US/Germany | 2013 |
Directed by Blair Erickson
Logline: Whilst researching the disappearance of a friend who had experimented with a powerful psychotropic drug, an investigative journalist becomes embroiled in a government cover-up that threatens her sanity and her life.
Project MK Ultra was the code name of US government research operation that experimented on human behaviour from the early 1950s to the early 1970s. The CIA ran it, and most of its activities were illegal, not to mention ethically reprehensible, and utterly inhumane; manipulating people’s mental states and altering their cognitive functions through the (mis)use of psychotropic drugs such as LSD and DMT.
Much has been written and said about this outrageous sanctioned use of dangerous methodologies and administration of sensory deprivation, emotional abuse, and psychological torture upon unsuspecting college students, hospital patients, and prison inmates.
The Banshee Chapter takes the element of malevolent spectres and the conspiracy theory chestnut, and throws them into a dark pit of paranoia and supernatural dread. Intrigue is for the intrepid, but be careful what you wish for, because you might just get it. Or, to be precise, curiosity killed the cat.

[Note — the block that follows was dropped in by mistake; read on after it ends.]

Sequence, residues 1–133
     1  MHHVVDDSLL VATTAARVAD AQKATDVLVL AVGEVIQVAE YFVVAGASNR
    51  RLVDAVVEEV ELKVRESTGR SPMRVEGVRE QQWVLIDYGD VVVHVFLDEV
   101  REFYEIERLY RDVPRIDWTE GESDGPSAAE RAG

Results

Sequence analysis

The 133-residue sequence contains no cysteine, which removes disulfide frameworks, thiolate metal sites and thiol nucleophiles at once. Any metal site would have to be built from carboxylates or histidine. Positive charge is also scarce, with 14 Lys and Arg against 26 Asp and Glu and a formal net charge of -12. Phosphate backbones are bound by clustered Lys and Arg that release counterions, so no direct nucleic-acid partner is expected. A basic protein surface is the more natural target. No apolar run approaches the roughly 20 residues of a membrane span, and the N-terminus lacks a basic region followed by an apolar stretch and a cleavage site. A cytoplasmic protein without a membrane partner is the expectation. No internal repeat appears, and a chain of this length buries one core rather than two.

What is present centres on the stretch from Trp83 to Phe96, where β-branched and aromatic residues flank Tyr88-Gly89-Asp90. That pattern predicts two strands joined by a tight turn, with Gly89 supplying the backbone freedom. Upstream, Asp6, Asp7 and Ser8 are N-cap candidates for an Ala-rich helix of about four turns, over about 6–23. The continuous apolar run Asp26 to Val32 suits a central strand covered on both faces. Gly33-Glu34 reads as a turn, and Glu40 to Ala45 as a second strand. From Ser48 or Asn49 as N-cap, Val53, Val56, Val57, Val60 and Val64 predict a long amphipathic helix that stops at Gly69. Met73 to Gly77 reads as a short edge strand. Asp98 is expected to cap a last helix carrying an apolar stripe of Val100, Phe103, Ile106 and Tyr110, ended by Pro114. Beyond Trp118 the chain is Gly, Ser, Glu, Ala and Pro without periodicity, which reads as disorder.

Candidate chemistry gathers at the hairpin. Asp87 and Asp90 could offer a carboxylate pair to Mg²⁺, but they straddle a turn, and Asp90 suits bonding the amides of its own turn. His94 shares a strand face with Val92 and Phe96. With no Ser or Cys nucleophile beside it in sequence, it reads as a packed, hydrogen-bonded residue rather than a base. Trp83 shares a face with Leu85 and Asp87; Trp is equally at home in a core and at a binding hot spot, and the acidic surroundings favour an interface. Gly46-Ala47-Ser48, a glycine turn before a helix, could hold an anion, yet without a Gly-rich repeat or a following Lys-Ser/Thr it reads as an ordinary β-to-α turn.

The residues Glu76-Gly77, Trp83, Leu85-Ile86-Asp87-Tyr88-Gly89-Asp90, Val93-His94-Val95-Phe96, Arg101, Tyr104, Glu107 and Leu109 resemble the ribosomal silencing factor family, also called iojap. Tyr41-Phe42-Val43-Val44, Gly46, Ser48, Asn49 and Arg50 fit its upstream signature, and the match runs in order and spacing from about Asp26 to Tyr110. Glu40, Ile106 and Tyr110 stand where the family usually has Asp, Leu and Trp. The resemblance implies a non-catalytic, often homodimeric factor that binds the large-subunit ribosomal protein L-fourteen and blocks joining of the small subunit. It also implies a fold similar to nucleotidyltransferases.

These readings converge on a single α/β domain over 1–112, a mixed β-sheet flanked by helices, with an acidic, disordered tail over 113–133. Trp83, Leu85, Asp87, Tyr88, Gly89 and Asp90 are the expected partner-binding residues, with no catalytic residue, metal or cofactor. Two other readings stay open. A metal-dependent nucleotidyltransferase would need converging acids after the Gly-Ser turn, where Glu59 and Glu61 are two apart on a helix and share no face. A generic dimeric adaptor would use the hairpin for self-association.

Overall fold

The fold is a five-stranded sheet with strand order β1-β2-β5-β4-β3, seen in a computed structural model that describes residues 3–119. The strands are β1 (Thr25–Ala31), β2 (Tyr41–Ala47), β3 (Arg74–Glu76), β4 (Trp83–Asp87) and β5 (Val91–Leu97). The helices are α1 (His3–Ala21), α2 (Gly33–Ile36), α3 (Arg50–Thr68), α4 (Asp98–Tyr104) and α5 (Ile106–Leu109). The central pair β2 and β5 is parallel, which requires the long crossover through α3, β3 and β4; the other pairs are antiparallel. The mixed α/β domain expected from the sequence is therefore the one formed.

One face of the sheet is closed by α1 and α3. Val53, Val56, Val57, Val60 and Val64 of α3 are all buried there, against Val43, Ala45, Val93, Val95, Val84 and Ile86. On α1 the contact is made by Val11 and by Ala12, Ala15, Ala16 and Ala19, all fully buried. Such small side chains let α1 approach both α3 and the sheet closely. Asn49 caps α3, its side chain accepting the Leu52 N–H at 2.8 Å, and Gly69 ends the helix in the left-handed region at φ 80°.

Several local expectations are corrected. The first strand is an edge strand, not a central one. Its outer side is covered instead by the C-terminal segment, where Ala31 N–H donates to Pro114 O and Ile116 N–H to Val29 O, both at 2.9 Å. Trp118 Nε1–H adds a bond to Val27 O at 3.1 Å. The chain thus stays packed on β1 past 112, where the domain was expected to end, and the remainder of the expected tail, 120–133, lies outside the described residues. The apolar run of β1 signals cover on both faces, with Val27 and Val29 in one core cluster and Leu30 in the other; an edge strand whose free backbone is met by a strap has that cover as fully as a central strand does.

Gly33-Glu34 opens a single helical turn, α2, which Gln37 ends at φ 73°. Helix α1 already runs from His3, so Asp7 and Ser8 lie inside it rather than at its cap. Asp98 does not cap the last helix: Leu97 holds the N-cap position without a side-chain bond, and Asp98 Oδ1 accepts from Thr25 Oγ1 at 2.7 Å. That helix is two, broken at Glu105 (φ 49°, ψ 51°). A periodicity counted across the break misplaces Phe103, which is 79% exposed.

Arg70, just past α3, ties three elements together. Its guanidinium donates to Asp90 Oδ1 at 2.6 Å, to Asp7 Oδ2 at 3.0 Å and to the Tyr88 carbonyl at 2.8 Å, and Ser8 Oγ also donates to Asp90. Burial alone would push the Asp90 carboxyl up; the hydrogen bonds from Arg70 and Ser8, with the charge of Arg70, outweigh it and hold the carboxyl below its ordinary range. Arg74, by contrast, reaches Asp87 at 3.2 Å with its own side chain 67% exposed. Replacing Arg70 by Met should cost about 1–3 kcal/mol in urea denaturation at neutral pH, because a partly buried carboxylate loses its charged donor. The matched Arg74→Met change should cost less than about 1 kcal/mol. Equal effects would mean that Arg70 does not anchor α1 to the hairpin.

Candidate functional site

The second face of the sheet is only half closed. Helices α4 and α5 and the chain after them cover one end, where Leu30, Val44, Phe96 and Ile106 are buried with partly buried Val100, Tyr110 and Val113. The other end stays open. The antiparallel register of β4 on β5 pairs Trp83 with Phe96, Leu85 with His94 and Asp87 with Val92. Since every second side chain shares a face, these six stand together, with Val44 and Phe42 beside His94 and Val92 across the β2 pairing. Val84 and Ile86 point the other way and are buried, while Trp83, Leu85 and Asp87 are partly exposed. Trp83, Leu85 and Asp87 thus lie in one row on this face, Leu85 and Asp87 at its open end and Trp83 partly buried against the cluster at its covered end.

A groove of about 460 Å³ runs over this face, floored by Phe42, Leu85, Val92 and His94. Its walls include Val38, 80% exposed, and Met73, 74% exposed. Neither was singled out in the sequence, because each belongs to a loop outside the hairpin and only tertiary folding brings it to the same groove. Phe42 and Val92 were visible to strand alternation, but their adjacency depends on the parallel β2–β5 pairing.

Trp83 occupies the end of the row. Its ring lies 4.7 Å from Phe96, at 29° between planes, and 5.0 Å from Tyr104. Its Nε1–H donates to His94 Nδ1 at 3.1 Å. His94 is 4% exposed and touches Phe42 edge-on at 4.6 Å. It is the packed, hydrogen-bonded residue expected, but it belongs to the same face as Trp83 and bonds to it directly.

Katie Winter plays Anna Roland, the journalist on a mission. She’s fearless, or maybe just reckless. Michael McMillian is her dear friend James, who imbibed a dose of DMT, Dimethyltriptamine, a dangerous psychedelic compound, and one that was used extensively during the MKUltra years. James and his colleague have both vanished. Anna is determined to find out what happened.
Ted Levine plays a Hunter S. Thompson-esque Thomas Blackburn, a renegade author lost in the wilderness, but with more than a few yarns, half-truths, and dirty white lies to spill. When Anna is invited to join in on a mind-expanding session, she does, much to her better judgment. Be careful what you’re looking for, because you might just find it.
Performances are good, especially Ted Levine who brings a charming sense of eccentricity to the movie’s atmosphere. Katie Winter certainly has screen presence, but she wasn’t always the most convincing.
With the low-budget ingenuity of Session 9 (2001) and The Blair Witch Project (1999), using location shooting, and relying on the presence of the unknown, with occasional shocks – and there are some real doozies – Blair Erickson has fashioned a very effective little spooker. I was reminded of the creeping doom of Absentia and Skew, two strong indie flicks from 2011. See The Banshee Chapter and prepare to be seriously spooked out.
The Banshee Chapter screens in 3D as part of Melbourne’s Monster Fest, Saturday November 30th, 5pm, Cinema Nova.